Syndetics book coverThe children / Carolina Sanín ; translated from the Spanish by Nick Caistor.
“One day, as she enters her local supermarket, Laura Romero has a startling encounter with a beggar, who seems to offer her a child. A short while later, in the middle of the night, she discovers a mysterious young boy on the pavement outside her apartment building: Fidel, who is six years old, a child with seemingly no origins or meaning. With few clues to guide her as she tries to attach significance to his presence, Laura find herself swept into a bureaucratic maelstrom of fantastical proportions.” (Adapted from Syndetics summary)

Syndetics book coverKatalin Street / Magda Szabó ; translated from the Hungarian by Len Rix.
“In prewar Budapest three families live side by side on gracious Katalin Street, their lives closely intertwined. Their lives are torn apart in 1944 by the German occupation, which only the Elekes family survives intact. The postwar regime relocates them to a cramped Soviet-style apartment and they struggle to come to terms with social and political change, personal loss, and unstated feelings of guilt over the deportation of the Held parents and the death of little Henriette, who had been left in their protection.” (Adapted from Syndetics summary)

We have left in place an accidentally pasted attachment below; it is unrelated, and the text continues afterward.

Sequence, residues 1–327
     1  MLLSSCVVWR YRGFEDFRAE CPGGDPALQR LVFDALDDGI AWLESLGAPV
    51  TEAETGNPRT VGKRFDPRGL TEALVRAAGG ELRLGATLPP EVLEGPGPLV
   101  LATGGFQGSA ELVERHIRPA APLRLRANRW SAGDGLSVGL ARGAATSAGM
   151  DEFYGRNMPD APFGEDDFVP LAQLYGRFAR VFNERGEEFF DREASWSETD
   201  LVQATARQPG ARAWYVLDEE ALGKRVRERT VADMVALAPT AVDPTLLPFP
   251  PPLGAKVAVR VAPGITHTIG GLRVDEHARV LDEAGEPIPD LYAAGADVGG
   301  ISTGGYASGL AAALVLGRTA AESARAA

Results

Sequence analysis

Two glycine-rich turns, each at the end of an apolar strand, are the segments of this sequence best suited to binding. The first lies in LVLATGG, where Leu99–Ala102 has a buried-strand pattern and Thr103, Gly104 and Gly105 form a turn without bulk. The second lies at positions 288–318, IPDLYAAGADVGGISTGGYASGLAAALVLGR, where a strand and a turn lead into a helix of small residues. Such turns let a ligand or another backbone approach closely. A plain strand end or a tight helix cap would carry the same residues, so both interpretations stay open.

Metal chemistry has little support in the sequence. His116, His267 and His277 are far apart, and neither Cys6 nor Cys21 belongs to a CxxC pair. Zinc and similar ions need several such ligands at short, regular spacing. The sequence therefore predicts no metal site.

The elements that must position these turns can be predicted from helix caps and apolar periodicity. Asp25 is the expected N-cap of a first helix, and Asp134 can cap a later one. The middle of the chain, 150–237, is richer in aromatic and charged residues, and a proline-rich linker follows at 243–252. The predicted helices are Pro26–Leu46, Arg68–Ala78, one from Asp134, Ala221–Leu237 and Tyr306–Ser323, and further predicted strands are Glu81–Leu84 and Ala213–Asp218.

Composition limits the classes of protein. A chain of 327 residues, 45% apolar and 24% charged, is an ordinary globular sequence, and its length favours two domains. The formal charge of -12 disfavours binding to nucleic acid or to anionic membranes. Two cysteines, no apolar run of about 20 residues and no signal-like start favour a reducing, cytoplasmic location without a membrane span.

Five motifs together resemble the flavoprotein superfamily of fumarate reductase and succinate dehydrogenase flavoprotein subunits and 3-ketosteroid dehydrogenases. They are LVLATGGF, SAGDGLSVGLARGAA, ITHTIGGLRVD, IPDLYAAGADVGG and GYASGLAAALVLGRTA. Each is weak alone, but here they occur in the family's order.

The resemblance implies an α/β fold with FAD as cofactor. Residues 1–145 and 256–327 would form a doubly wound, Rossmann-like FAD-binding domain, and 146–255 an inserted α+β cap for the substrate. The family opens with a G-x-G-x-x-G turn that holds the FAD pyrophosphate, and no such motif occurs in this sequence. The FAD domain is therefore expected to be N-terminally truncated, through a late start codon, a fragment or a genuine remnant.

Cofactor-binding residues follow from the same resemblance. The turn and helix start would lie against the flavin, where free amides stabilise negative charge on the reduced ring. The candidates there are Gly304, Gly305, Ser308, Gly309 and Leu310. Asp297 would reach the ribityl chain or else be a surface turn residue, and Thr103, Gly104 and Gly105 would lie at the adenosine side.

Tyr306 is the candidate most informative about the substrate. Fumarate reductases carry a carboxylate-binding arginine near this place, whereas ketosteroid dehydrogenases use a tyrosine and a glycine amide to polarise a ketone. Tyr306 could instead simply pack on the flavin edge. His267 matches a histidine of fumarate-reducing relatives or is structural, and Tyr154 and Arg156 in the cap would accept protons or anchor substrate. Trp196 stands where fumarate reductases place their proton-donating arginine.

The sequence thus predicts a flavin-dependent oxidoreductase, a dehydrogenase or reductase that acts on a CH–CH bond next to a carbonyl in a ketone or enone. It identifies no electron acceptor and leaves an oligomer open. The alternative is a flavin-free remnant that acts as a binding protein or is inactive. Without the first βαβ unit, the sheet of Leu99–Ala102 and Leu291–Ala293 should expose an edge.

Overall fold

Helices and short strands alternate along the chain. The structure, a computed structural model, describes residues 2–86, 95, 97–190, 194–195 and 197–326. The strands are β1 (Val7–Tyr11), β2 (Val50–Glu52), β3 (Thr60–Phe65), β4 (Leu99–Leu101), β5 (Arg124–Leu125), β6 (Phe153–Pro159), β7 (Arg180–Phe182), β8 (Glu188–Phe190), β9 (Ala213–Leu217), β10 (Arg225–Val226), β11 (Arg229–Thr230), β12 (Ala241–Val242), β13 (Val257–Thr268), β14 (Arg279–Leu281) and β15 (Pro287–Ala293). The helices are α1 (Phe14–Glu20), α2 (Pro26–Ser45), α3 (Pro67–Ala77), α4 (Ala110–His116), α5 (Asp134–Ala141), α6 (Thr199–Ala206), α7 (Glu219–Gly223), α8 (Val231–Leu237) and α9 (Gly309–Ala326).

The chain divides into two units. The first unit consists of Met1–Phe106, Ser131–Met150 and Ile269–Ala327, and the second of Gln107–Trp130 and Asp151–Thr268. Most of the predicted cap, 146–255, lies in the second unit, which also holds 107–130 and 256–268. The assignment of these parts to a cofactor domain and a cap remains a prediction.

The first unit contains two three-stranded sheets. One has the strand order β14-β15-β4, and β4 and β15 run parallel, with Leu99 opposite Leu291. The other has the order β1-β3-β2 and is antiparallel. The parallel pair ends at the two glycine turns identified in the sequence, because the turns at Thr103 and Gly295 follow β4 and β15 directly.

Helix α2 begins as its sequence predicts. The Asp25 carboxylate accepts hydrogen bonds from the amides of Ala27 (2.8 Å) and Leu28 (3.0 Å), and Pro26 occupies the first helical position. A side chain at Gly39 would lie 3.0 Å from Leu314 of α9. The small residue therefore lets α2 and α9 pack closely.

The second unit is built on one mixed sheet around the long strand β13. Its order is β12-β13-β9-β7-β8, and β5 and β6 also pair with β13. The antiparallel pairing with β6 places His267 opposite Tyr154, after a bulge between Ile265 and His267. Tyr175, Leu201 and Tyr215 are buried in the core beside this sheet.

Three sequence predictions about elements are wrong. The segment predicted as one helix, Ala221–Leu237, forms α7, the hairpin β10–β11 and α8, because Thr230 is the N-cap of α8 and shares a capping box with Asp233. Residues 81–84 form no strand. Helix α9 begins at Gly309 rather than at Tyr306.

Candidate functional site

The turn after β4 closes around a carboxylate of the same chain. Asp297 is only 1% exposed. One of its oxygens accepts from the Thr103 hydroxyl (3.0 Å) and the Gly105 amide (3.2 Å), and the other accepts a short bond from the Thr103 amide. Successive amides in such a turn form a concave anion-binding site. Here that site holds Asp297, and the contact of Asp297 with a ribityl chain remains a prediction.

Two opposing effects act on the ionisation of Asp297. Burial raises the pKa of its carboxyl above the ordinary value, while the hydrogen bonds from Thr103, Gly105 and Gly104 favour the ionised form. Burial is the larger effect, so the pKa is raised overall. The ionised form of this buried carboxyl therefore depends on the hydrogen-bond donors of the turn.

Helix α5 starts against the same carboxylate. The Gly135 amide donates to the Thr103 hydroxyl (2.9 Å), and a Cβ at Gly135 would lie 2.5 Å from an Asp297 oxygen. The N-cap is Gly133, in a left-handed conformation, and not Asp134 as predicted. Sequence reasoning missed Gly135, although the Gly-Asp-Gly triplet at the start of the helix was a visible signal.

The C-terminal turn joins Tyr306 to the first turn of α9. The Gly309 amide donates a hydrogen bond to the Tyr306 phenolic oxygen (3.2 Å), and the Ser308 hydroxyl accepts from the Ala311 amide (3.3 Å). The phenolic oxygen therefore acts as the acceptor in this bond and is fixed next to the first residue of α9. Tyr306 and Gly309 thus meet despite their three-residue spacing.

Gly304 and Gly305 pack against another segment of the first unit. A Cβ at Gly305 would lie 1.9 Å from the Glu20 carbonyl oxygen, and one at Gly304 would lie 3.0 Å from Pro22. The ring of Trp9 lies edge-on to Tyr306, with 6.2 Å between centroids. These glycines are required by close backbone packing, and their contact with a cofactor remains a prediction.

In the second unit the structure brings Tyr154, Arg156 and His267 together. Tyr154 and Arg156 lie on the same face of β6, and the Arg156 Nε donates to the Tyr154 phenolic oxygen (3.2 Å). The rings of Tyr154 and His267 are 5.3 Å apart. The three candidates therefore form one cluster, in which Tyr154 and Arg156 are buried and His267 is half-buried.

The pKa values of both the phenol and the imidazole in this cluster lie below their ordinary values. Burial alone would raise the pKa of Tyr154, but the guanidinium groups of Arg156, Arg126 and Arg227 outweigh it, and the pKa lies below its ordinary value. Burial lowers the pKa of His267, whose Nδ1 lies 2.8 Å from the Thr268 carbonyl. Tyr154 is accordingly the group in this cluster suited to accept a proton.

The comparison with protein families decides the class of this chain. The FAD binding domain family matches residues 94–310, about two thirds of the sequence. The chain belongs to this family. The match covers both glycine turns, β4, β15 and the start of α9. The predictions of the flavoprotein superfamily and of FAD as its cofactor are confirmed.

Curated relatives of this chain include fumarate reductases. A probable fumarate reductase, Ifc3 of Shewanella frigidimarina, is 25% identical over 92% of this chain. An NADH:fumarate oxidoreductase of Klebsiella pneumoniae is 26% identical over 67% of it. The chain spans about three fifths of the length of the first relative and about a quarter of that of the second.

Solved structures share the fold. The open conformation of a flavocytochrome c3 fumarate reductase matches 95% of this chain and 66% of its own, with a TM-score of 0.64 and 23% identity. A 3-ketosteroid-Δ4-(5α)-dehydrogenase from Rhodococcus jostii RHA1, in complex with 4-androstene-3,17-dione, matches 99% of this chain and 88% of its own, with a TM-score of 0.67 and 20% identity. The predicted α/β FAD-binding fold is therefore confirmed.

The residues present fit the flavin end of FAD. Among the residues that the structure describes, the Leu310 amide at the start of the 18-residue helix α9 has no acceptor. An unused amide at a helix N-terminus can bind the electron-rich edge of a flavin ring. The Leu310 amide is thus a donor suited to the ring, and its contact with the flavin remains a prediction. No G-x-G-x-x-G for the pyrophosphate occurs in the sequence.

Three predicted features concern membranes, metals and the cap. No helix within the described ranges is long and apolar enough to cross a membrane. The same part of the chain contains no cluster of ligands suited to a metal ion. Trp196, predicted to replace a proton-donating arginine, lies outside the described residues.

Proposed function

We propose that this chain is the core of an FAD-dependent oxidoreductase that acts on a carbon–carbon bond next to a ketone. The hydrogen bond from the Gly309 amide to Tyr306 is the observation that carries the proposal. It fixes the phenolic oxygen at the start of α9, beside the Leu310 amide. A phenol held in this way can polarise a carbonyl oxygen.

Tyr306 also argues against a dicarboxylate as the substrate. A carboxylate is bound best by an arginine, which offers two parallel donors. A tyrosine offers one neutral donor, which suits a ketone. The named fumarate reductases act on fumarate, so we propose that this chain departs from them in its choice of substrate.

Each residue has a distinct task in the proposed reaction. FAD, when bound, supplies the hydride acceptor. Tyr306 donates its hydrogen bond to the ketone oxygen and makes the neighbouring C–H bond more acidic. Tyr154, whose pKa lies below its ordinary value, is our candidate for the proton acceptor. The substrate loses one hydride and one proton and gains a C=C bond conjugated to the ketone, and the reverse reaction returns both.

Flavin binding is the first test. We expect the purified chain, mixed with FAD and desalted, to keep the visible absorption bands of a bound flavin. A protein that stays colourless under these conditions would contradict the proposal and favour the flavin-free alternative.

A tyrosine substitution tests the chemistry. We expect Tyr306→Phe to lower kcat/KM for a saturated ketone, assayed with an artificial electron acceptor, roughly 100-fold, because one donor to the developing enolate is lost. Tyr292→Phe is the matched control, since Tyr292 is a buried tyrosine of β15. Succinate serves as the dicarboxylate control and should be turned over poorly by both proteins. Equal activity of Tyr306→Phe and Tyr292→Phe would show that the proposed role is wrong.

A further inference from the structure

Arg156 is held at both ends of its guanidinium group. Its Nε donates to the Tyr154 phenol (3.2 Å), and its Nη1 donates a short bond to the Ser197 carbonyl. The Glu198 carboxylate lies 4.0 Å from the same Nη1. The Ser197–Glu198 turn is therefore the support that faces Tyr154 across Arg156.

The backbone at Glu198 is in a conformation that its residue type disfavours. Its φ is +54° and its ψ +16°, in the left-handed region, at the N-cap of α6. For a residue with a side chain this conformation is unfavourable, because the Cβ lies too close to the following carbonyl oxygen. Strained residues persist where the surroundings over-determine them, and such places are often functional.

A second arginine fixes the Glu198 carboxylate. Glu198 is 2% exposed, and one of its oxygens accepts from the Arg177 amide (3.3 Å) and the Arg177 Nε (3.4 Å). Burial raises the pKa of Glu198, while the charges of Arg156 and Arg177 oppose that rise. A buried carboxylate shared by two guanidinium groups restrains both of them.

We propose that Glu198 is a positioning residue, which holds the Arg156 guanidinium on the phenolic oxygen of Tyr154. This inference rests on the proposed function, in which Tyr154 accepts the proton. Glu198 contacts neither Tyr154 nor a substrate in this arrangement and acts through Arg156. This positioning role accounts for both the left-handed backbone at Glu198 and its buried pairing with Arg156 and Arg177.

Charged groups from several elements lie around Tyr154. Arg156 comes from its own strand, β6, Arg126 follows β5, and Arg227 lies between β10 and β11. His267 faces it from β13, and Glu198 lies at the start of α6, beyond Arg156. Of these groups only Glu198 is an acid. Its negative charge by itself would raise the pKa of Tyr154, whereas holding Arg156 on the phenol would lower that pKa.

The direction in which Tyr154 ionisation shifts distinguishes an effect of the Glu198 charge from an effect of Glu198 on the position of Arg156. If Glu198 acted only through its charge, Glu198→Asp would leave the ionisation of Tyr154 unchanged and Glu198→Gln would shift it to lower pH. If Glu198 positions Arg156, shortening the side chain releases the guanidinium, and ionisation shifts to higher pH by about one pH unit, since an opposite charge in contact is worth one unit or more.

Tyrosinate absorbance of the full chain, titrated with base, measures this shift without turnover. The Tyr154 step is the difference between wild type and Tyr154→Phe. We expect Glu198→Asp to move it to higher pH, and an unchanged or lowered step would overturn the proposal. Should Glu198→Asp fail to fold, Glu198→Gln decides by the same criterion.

Syndetics book coverThe postman’s fiancée / Denis Thériault ; translated by John Cullen.
“Tania moves from Bavaria to Montreal to fine-tune her French and fall in love. Finding work as a waitress at a low-key restaurant in a working-class area of the city, she meets Bilodo, a shy postman who writes haiku and who is passionate about calligraphy. The two become friends. One stormy day their lives take a dramatic turn, and as their destinies become increasingly entwined the two are led into a world where nothing is as it seems.” (Adapted from Syndetics summary)